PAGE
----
Vitamin D might be one of the easiest of these supplements to have in abundance in our bodies – a mere 20 minutes of sunlight a day will give your body the necessary amount of Vitamin D. Vitamin D helps to turn the neurotransmitter creation on and off and works with the nerve growth systems. When Vitamin D is low in the body, the ability to form new connections and keep old ones is inhibited – one reason that Vitamin D supplements have been shown to be helpful in those with dementia or Alzheimer’s. Foods high in Vitamin D include mushrooms, fatty fish, and eggs. Although most think that dairy is high in Vitamin D and a good source of it, recent studies have been showing that the added Vitamin D in milk might lead to more complications than solutions, so keep this in mind.

 

6. Vitamin E

Vitamin E is essential to the brain because it acts as a potent anti-oxidant. With the amount of reactions going on in the brain, Vitamin E is essential to keep the nervous system as free of free radicals as possible. Some research shows that Vitamin E can even help to reduce stress on the brain which will help the brain by making it able to think clearer. Vitamin E is available in a number of foods including eggs, nuts, avocado, seeds, leafy greens and sweet potatoes. Many people on low-fat diets are deficient in Vitamin E and the deficiency can correlate to an increased risk of Alzheimer’s.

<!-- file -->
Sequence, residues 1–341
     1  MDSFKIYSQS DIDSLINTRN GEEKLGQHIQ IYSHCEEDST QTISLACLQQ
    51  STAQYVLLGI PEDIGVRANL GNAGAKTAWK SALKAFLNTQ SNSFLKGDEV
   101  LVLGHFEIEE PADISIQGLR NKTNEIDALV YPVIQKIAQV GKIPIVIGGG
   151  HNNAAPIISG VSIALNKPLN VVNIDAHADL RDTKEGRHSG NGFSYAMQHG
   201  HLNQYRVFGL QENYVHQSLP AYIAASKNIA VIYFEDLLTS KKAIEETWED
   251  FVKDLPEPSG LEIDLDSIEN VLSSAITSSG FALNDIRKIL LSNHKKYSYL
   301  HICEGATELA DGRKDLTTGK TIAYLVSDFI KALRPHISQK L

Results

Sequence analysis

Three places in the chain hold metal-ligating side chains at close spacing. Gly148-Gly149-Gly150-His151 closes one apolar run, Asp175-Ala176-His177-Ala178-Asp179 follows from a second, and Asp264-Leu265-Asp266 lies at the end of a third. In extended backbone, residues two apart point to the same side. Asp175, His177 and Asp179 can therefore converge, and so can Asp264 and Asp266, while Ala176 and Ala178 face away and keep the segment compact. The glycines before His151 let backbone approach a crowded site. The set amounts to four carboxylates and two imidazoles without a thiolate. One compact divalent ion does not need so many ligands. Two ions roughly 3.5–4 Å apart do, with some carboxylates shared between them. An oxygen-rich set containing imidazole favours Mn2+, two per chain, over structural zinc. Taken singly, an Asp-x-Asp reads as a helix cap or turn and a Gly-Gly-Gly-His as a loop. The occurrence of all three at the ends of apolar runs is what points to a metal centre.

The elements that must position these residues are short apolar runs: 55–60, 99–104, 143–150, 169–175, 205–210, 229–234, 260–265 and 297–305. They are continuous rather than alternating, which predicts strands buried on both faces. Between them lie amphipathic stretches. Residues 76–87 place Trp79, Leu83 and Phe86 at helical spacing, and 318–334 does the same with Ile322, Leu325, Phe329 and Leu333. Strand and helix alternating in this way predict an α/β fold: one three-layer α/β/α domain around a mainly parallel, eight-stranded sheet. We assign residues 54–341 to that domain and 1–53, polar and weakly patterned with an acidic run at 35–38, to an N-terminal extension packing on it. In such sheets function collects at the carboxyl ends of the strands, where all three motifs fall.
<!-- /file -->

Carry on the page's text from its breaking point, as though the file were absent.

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7. Vitamin C

Another powerful anti-oxidant, vitamin C can also help reduce the risk of stroke as it is also a regulator for many different neurochemicals. Symptoms of vitamin C deficiency include easy bleeding, dry skin, easy bruising, and decreased wound-healing rate. Foods high in vitamin C include oranges, cantaloupe, kiwi, mangoes, tomatoes, pineapple and strawberries.

 

8. Vitamin B’s: 1, 2, 6, 9, 12

Vitamin B12 is one of the most important vitamins in creating the myelin sheath that covers the nerves and keeps them protected. A deficiency in this protein can lead to pain and neuropathy and is one of the main reasons that vegans and vegetarians get sick if they don’t take supplements. Our bodies expel any extra B12 vitamin that we ingest. Foods that are high in vitamin B12 include eggs, dairy products, meat, and some soy and rice products fortified with vitamin B12.

The other B vitamins may not be quite as important as B12, but they still all play their roles. B2 helps to properly transmit nerve impulses and a deficiency can lead to migraines and other dementia problems. Vitamin B9, folate, helps to protect the brain from heavy working and stresses and the elderly and pregnant women can be deficient. Foods that contain the B vitamins include liver, eggs, fish, cheese, leafy greens, broccoli, avocado, lentils and bananas.

 

READ ALSO: Yoga To Calm Your Nerves And Get Back On Track Video

 

All of these vitamins and minerals are essential to keeping the nervous system running in tip-top shape and in deterring the onset of degenerative diseases such as Alzheimer’s. Make sure to keep your diet balanced and take in all of these foods so that you don’t develop any symptoms related to these vitamin deficiencies. Supplements are also a good idea if you think that you are not getting the vitamins necessary in the food you’re eating. Keeping your nervous system and brain in good health is important not only for your mental well-being but for your overall well-being too.

References:

www.ncbi.nlm.nih.gov

www.faculty.washington.edu